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BMJ Open. 2019 Nov 14;9(11):e033126. doi: 10.1136/bmjopen-2019-033126.

Evaluation of the Choosing Wisely Australia 5 Questions resource and a shared decision-making preparation video: protocol for an online experiment.

Author information

1
Sydney Health Literacy Lab, School of Public Health, The University of Sydney, Sydney, New South Wales, Australia danielle.muscat@sydney.edu.au.
2
School of Public Health, Faculty of Medicine and Health, The University of Sydney, Sydney, New South Wales, Australia.
3
Sydney Health Literacy Lab, School of Public Health, The University of Sydney, Sydney, New South Wales, Australia.
4
Institute for Musculoskeletal Health, School of Public Health, The University of Sydney, Camperdown, New South Wales, Australia.
5
NPS Medicinewise, Strawberry Hills, New South Wales, Australia.

Abstract

INTRODUCTION:

Choosing Wisely, an international effort to reduce low value care worldwide, considers communication between clinicians and patients during routine clinical encounters a key mechanism for change. In Australia, Choosing Wisely has developed a 5 Questions resource to facilitate better conversations. The primary aim of this study is to evaluate the impact of the Choosing Wisely Australia 5 Questions resource and a video designed to prepare patients for question-asking and participation in shared decision-making on (a) self-efficacy to ask questions and participate in shared decision-making, (b) intention to participate in shared decision-making and (c) a range of secondary outcomes. The secondary aim of this study is to determine whether participants' health literacy modifies the effects of the interventions.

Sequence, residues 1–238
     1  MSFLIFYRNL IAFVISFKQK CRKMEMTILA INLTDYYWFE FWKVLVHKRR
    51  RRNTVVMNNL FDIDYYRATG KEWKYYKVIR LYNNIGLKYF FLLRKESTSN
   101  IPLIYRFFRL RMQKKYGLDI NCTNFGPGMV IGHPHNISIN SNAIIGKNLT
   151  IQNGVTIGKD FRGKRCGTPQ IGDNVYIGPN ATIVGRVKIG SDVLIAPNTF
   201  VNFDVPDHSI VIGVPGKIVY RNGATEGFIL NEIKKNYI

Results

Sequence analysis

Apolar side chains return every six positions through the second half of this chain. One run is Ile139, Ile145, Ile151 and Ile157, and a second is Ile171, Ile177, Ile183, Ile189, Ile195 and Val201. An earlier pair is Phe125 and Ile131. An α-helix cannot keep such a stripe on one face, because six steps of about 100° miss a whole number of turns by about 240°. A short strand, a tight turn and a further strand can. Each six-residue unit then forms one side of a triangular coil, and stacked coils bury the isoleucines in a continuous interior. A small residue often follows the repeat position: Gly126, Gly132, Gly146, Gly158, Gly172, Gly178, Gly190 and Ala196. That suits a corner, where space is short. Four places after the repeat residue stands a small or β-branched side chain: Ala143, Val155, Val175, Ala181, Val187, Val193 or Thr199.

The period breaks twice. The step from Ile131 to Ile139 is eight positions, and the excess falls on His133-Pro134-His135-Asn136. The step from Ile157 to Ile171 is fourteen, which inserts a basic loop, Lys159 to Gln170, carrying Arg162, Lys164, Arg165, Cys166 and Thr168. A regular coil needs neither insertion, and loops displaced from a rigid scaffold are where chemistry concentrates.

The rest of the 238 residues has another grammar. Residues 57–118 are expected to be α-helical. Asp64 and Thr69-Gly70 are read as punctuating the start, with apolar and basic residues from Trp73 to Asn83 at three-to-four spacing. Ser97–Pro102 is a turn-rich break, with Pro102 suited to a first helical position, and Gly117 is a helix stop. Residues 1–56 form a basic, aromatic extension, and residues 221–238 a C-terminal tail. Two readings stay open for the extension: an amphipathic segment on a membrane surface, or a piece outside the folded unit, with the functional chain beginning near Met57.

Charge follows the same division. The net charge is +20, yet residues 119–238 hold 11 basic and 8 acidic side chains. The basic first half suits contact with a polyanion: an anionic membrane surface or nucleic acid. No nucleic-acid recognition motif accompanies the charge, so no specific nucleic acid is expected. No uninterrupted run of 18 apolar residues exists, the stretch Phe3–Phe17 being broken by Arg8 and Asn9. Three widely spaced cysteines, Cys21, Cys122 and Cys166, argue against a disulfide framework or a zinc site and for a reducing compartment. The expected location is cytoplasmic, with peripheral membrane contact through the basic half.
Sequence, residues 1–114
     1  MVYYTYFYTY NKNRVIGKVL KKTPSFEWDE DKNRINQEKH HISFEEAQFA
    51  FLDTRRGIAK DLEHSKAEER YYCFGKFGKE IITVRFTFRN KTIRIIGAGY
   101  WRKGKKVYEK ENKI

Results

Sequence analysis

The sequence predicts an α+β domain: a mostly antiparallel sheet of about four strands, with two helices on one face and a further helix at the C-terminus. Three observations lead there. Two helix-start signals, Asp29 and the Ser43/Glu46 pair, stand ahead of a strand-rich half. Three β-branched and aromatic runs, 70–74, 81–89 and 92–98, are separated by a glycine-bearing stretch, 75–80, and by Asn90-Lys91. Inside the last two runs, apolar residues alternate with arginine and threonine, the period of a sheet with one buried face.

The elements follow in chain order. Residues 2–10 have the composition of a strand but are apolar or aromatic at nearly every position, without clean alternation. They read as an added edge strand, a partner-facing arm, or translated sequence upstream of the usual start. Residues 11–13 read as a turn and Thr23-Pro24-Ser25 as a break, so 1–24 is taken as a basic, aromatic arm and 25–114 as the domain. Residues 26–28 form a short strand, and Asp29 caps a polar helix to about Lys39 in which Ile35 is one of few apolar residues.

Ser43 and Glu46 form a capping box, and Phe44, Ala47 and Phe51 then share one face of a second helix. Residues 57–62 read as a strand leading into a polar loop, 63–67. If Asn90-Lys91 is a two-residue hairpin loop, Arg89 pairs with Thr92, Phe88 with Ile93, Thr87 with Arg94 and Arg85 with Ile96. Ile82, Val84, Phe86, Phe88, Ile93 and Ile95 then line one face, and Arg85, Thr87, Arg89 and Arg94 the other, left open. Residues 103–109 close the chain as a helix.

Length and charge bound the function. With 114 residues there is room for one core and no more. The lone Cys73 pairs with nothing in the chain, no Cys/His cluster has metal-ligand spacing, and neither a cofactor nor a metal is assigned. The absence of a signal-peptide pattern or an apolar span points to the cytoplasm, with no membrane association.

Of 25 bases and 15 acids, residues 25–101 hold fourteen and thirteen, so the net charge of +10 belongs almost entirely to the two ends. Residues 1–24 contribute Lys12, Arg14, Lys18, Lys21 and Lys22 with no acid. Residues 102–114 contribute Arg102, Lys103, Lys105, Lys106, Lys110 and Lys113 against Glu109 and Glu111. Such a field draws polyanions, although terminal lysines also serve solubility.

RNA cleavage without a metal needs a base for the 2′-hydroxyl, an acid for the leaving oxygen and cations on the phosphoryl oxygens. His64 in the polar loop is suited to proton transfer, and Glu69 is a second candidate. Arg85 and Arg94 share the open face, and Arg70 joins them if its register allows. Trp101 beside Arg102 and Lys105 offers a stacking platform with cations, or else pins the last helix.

METHODS AND ANALYSIS:

We will use 2×2×2 between-subjects factorial design (preparation video: yes, no × Choosing Wisely 5 Questions resource: yes, no × health literacy: adequate, inadequate). Participants will be recruited by an online market research company, presented with a hypothetical non-specific low back pain scenario, and randomised to study groups stratified by health literacy. Quantitative primary and secondary outcome data will be analysed as intention-to-treat using appropriate regression models (ie, linear regression for continuous outcomes, logistic regression for dichotomous categorical outcomes).

ETHICS AND DISSEMINATION:

Ethical approval for this study was obtained from the University of Sydney Human Research Ethics Committee (protocol number: 2018/965). The results from this work will be disseminated through peer-reviewed international journals, conferences and updates with collaborating public health bodies. Resources developed for this study will be made available to patients and clinicians following trial completion.

TRIAL REGISTRATION NUMBER:

This trial has been registered with the Australia New Zealand Clinical Trials Registry (trial number: 376477) and the stage is Pre-results.

KEYWORDS:

decision making; health literacy; medical overuse; patient participation; question prompt list; shared decision making

PMID:
31727667
DOI:
10.1136/bmjopen-2019-033126
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Conflict of interest statement

Competing interests: RL is an employee of NPS MedicineWise which facilitates Choosing Wisely Australia. The University of Sydney owns intellectual property on the video and DM, MT, KM and RET are contributors to the intellectual property.

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